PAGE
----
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Government grants to help ports prepare for a no-deal Brexit have been welcomed by operators, but the British Ports Association (BPA) claims only a trade deal with the EU will avoid disruption.
The Department for Transport (DfT) announced this morning it had issued £30m to be spent on upgrades to port infrastructure and road and rail links, with transport secretary Grant Shapps saying: “We are leaving the EU on 31 October, and we will be prepared whatever the circumstances.”
He added: “As the UK continues to develop as an outward-facing global trading nation ready for a post-Brexit world, the resilience of our trading hubs is more critical than ever before.
“This £30m investment supports our ports in their work to boost capacity and efficiency, ensuring they’re ready for Brexit and a successful future.”
The fund includes £10m for a fund called the Port Infrastructure Resilience and Connectivity (PIRC) competition, with ports invited to bid for up to £1m each. A further £15m is to be spent on longer-term rail and road projects, aimed at meeting the department’s commitment tomove “more freight… faster”.
The DfT said: “PIRC will be open for bids until 6 September, and successful bidders will be given up to £1m each to deliver infrastructure improvements.
“These may include providing more HGV parking and container storage space, or developing traffic systems to ensure the free flow of cars and lorries.”
A further £5m has been set aside for four Local Resilience Forums (LRFs): Essex, Hampshire and Isle of Wight, Holyhead, and Humber. The LRFs comprise emergency responders, councils and other public services in these areas with key freight ports and each is expected to receive £1.25m to be spent on road traffic management around the ports.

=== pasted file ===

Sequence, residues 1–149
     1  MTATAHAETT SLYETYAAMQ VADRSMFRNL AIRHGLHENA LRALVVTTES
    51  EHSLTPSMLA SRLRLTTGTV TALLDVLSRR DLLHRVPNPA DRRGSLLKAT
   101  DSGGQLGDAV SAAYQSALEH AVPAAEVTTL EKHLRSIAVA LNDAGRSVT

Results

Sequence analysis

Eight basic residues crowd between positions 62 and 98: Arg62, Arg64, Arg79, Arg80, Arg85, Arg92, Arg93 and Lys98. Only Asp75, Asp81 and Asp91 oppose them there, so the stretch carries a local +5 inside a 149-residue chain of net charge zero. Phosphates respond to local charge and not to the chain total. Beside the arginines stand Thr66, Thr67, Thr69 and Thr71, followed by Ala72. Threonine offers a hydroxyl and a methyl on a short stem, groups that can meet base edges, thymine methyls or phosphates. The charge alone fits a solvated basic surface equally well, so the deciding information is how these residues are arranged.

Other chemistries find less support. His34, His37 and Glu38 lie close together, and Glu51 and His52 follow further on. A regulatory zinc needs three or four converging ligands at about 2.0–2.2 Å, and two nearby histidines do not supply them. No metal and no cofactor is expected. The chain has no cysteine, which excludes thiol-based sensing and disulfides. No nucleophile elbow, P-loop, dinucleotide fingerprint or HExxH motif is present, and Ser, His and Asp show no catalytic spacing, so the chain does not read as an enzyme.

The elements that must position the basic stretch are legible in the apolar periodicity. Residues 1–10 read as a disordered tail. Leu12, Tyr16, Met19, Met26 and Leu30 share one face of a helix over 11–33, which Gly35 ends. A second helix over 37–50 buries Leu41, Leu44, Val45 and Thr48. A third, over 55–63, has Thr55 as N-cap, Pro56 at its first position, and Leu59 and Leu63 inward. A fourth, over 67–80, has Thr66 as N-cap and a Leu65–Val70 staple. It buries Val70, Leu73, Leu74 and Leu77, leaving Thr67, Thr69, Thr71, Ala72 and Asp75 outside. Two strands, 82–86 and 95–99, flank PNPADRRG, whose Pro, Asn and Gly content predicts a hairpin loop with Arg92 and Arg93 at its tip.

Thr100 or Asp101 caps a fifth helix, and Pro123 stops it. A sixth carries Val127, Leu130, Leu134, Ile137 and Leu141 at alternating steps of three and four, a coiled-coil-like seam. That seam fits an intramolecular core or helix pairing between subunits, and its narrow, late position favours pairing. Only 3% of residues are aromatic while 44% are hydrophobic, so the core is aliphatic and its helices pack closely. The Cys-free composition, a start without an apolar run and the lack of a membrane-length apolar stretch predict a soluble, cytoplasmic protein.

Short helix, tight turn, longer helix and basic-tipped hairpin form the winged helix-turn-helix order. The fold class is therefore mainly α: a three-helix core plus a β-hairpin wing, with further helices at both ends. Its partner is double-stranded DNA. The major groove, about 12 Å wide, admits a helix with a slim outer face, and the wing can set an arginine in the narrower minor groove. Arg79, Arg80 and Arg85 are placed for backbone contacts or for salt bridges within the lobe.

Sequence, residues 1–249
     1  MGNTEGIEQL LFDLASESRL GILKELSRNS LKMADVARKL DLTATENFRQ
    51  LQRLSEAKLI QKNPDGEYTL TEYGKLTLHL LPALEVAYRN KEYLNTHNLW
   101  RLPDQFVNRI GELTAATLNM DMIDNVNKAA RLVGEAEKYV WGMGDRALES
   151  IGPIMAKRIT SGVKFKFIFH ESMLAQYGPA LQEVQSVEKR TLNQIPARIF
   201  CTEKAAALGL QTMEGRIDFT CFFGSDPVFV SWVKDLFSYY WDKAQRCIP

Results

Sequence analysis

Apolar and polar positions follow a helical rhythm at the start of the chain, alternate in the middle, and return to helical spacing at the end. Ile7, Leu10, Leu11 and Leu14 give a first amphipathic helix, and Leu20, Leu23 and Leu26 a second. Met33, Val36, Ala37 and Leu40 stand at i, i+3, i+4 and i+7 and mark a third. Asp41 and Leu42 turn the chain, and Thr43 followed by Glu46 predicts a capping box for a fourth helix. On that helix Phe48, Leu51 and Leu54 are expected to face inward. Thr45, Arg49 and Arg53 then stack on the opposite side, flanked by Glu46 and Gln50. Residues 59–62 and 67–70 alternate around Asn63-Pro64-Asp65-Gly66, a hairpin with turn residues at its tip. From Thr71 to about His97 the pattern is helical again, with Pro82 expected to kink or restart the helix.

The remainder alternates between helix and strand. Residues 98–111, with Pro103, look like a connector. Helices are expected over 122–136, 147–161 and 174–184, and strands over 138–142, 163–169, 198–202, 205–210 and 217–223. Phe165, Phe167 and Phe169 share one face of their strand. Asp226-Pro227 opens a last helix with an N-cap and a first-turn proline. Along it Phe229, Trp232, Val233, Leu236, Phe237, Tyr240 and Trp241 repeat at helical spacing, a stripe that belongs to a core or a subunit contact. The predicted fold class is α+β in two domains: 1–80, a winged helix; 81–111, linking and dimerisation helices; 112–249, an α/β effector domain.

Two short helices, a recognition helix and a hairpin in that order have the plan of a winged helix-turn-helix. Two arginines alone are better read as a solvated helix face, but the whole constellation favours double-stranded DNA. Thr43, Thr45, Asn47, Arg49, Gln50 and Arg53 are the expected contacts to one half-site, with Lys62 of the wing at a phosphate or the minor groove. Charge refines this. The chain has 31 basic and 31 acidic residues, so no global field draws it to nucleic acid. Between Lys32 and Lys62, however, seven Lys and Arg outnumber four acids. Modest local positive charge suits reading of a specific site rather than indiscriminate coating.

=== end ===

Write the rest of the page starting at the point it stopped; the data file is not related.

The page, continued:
Portsmouth International Port director Mike Sellers told The Loadstar: “This will contribute towards estimated £4m costs to help Brexit preparations, including creating and managing triage areas outside the port to handle freight coming into the city.”
And a spokesperson for Associated British Ports, which operates Humber, told The Loadstar it also welcomed the investment.
“We welcome this news of additional investment from Government, ensuring our ports have excellent road and rail connections. ABP itself has continued to invest across our ports including around £50 million to increase our container capacity on the Humber, enabling us to accommodate additional volumes and help businesses avoid the risk of disruption between Dover and Calais. We are currently working with our customers and our partners in the LRF on the best ways to utilise this funding to good effect ”
Portsmouth (pictured) is also throwing its hat into the ring for the PIRC competition. Mr Sellers said that as a major ro-ro port, he and the are attempting to ensure the port is Brexit-ready, with “future-proofed” infrastructure.
“Portsmouth’s port operations have a significant impact on the city and wider region and we want to make sure we’re in the best possible position to continue operating successfully.”
But while welcoming the funding, BPA doesn’t see it as “sufficient to deal with the repercussions of a no-deal Brexit”.
Chief executive Richard Ballantyne said: “The industry is as ready as it can be for a ‘no deal’, although it is clear that this is about mitigating disruption at certain ports, not avoiding it.
“A ‘no-deal’ certainly appears more of a possibility and it is prudent to plan for this, [but] we remain firmly of the view a deal that supports free-flowing frontiers is the best outcome.
“As far as we are aware, this is still the government’s aim… we still hope that the UK and EU can come to a sensible arrangement ahead of the deadline.”